This study investigated the degree of realism in the confidence judgments of 11 to 12-year-olds (41 girls and 40 boys) of their answers to questions relating to a short film clip showing a kidnapping event. Four different confidence scales were used: a numeric scale, a picture scale, a line scale and a written scale. The results demonstrated that the children showed a high level of overconfidence in their memories. However, no significant differences between the four confidence scales were found. Weak gender differences were found in that the girls were slightly, but significantly, better calibrated than the boys. In addition, although both boys and girls overestimated the total number of memory questions they had answered correctly, the boys gave higher estimates compared with the girls. In brief, the results indicate that, at least in the context investigated, 11–12 year-old children’s confidence in and estimations of their own event memory show poor realism (overconfidence and overestimation). A comparison with previous research on adults indicates that 11 to 12-year-old children show noticeably poorer realism.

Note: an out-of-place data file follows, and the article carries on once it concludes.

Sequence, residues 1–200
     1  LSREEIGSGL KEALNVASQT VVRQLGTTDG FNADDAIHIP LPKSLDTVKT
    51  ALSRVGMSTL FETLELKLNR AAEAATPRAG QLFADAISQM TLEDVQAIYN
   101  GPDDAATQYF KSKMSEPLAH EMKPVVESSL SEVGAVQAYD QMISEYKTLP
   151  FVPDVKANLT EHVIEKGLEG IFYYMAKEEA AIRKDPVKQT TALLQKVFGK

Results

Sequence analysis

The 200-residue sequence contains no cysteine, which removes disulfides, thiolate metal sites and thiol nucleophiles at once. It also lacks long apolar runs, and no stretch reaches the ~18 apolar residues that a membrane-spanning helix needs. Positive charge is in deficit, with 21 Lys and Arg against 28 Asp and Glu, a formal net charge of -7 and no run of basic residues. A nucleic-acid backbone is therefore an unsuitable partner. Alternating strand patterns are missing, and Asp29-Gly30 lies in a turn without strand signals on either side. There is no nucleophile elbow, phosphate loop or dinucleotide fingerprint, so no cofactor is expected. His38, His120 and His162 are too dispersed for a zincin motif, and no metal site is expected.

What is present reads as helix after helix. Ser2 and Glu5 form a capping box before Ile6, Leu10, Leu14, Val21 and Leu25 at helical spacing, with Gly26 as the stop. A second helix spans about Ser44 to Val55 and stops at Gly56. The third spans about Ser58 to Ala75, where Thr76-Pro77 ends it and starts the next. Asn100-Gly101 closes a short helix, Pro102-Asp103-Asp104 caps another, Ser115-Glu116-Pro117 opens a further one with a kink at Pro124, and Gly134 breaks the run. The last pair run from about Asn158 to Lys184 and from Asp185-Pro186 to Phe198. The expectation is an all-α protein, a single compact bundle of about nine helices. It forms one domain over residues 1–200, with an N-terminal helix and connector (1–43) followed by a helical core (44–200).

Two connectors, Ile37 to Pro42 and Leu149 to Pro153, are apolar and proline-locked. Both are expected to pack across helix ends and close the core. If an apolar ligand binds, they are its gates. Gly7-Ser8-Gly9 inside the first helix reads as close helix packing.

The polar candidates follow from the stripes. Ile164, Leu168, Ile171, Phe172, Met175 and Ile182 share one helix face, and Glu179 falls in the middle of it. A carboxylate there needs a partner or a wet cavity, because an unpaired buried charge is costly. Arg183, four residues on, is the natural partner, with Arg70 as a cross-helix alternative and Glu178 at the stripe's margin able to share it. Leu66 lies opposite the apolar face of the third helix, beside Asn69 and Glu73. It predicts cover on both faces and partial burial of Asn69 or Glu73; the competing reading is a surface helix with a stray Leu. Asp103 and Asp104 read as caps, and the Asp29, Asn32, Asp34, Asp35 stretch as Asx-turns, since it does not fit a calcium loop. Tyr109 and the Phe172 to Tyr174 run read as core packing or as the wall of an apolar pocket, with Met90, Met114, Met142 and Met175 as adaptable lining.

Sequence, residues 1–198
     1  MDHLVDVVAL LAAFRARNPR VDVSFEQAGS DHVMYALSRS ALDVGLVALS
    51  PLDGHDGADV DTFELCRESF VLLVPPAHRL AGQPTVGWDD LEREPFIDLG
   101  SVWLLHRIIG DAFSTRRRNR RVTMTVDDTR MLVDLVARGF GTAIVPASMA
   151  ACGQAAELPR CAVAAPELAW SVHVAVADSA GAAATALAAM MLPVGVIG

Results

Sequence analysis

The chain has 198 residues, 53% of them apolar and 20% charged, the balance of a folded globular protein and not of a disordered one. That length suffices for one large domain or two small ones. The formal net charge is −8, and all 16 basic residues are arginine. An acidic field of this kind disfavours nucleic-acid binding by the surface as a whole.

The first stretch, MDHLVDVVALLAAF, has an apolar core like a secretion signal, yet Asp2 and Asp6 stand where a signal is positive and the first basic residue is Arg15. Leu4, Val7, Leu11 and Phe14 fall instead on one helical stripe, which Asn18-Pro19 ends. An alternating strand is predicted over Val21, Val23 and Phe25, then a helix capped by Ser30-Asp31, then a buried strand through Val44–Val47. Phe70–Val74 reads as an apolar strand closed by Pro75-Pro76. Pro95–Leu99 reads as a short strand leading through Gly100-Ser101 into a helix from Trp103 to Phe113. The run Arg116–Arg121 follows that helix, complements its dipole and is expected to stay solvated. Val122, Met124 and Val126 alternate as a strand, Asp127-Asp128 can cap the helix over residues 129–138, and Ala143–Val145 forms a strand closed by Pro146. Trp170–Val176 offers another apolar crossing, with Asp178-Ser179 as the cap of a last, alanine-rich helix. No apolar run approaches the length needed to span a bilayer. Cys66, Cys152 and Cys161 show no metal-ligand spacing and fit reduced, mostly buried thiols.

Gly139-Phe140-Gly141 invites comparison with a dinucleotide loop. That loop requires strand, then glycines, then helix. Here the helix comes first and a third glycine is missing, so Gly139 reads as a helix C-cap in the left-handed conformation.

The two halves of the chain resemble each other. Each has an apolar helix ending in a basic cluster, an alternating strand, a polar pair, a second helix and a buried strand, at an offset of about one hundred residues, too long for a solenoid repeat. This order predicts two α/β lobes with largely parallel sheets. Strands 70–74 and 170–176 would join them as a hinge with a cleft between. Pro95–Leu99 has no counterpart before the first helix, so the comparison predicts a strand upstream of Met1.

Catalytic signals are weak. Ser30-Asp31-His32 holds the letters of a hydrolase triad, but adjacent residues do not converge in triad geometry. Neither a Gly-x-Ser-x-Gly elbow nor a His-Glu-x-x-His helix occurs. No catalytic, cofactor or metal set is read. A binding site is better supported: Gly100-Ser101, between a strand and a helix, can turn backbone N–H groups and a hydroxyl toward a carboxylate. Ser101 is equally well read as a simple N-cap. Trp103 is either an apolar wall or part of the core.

• 14. Allwood, Carl Martin
    et al.
    Granhag, Pär Anders
    Jonsson, Anna-Carin
    University of Borås, School of Education and Behavioural Science.
    Does mood influence the realism of confidence judgments?2002In: Scandinavian Journal of Psychology, ISSN 0036-5564, E-ISSN 1467-9450, Vol. 43, no 3, 253-260 p.Article in journal (Refereed)
    Abstract [en]

    Previous research has shown that mood affects cognition, but the extent to which mood affects meta–cognitive judgments is a relatively overlooked issue. In the current study we investigated how mood influences the degree of realism in participants’ confidence judgments (based on an episodic memory task). Using music and film in combination, we successfully induced an elated mood in half of the participants, but failed to induce a sad mood in the other half. In line with previous research, the participants in both conditions were overconfident in their judgments. However, and contrary to our prediction, our data indicated that there was no difference in the realism of the confidence between the conditions. When relating this result to previous research, our conclusion is that there is no, or very little, influence of mood of moderate intensity on the realism of confidence judgments.